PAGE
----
Emeka Ogboh: Notes on Exile

Emeka Ogboh: Notes on Exile

James Cohan

October 28, 2021
Emeka Ogboh
Notes on Exile
October 28–December 18, 2021
Opening: October 28, 6–8pm
James Cohan
48 Walker Street
New York, NY 10013

T +1 212 714 9500

James Cohan is pleased to present Notes on Exile, the first US gallery exhibition of work by multimedia artist Emeka Ogboh, on view at 48 Walker Street from October 28 through December 18, 2021. This exhibition marks the US premiere of Ogboh’s internationally acclaimed work The Way Earthly Things Are Going (2017), which debuted at documenta 14. The gallery will host a masked reception on Thursday, October 28 from 6–8pm. 

The Nigerian-born, Berlin-based artist Emeka Ogboh’s multi-sensory practice explores the transient and transportable nature of culture. Ogboh refers to the “ubiquity of sonority” as a mnemonic device, creating sound and multimedia installations that prompt collective memories of place. Likewise, the artist crafts flavors from varying regions of the world into blended gastronomic experiences, mimicking intricate narratives of migration. Ogboh’s practice is rooted in synthesizing sounds found in his home country of Nigeria—such as the bustle of a Lagos marketplace and bus stop or the harmonized singing in an Igbo ámà (village square)—with institutions and cityscapes of the Global North. These soundscapes invite critical questions about the movement of people across the globe. While the artist uses sound as a unifying concept, Ogboh’s sonographic works complicate individual ideas of identity and belonging. With a multimedia body of work ranging from the audiovisual to the gustatory, Emeka Ogboh encourages an ethico-political reflection of diaspora.

In the gallery’s main space, The Way Earthly Things Are Going (2017) is an immersive soundscape that sets an LED strip of real-time market data from the stock indices against an ancient polyphonic Greek lamentation. Ogboh’s sensory room provides a space of inescapable contemplation of the audio versus the visual, juxtaposing the interrupted lives of migrants against the never-ceasing churn of the capital market; the loss amidst the gain. With a title taken from a line in Bob Marley’s well-known song “So Much Trouble in the World,” this multichannel sound installation examines the disconnect between Capitalism’s abstract market fluctuations and the concrete personal tragedies such peaks and valleys often induce. Though created for documenta 14 in Athens, and specifically focused on the Greek economic crisis, The Way Earthly Things Are Going offers a timeless interrogation of societal inequity. Recently acquired by the Tate Modern, this work was most recently exhibited during Berlin Art Week at the Zeiss Major Planetarium in September 2021.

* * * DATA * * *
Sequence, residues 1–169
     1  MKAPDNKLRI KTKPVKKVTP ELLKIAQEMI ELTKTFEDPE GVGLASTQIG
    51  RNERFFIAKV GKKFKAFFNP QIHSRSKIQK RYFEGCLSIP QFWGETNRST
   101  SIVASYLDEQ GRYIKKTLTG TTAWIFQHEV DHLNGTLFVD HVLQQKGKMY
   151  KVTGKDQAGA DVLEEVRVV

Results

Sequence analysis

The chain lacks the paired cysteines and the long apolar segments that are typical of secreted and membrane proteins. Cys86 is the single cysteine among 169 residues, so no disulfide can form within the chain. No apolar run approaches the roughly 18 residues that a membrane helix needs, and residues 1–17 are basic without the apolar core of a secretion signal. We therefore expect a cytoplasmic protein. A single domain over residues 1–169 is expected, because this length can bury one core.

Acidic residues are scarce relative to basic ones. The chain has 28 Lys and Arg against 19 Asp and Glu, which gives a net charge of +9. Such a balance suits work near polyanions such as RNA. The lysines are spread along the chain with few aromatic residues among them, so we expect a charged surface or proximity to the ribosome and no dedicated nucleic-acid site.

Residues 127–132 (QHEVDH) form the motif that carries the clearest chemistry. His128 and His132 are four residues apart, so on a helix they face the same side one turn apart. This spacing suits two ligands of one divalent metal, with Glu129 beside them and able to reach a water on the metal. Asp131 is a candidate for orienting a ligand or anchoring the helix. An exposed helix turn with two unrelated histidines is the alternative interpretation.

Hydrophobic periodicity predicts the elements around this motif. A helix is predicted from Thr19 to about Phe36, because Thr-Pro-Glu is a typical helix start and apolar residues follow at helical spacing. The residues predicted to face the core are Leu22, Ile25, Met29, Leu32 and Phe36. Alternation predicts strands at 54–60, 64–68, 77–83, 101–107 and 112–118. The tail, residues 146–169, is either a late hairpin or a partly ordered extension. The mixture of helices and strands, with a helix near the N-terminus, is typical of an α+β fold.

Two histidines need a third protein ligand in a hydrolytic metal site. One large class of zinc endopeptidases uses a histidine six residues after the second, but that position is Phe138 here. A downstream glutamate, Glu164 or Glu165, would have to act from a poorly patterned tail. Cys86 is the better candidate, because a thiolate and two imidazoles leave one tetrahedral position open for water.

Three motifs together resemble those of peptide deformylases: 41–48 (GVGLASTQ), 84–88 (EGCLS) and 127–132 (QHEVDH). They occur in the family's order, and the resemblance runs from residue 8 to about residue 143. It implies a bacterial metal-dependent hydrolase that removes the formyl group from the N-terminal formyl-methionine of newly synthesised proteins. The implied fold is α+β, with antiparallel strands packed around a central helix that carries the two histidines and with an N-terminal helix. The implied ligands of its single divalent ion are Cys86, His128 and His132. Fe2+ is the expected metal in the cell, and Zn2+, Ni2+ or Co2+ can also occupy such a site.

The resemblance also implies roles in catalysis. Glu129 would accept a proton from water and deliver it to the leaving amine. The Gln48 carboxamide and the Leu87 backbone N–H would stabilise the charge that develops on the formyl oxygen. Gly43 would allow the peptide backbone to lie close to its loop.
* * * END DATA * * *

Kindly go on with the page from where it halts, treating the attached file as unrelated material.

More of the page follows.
Curator and writer Bonaventure Soh Bejeng Ndikung writes, “In The Way Earthly Things Are Going (2017), Ogboh, in dialogue with a traditional polyphonic choir, deliberates sonically on the multiple effects and manifestations of states of crisis. The enchanting sound installation addresses the (im-)possibility of existing in a cul-de-sac; it tells of wanderlust and yearning, of pain and a survival urge, and it features comments on and impressions of an economic crisis that has plagued and is still ravaging.”

On display in the first gallery, Spirit and Matter (2017–18) is a wall-mounted lightbox triptych with ambient sound. The imagery comprises a kaleidoscopic arrangement of mirrored photographs of Ojuelegba, the infamous central bus station in Lagos, a major artery of movement and migration in the busy city. Reminiscent of a cathedral’s stained-glass window, the simulacra of the bus driver, conductor, and bus come together to form a holy trinity of the sacred and profane. Spirit and Matter recontextualizes a symbolic element of Lagos life into a new visual and theoretical Afropolitan subject, allowing Ogboh to highlight critical questions about immigration, globalization, and post-colonialism.

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James Cohan
October 28, 2021

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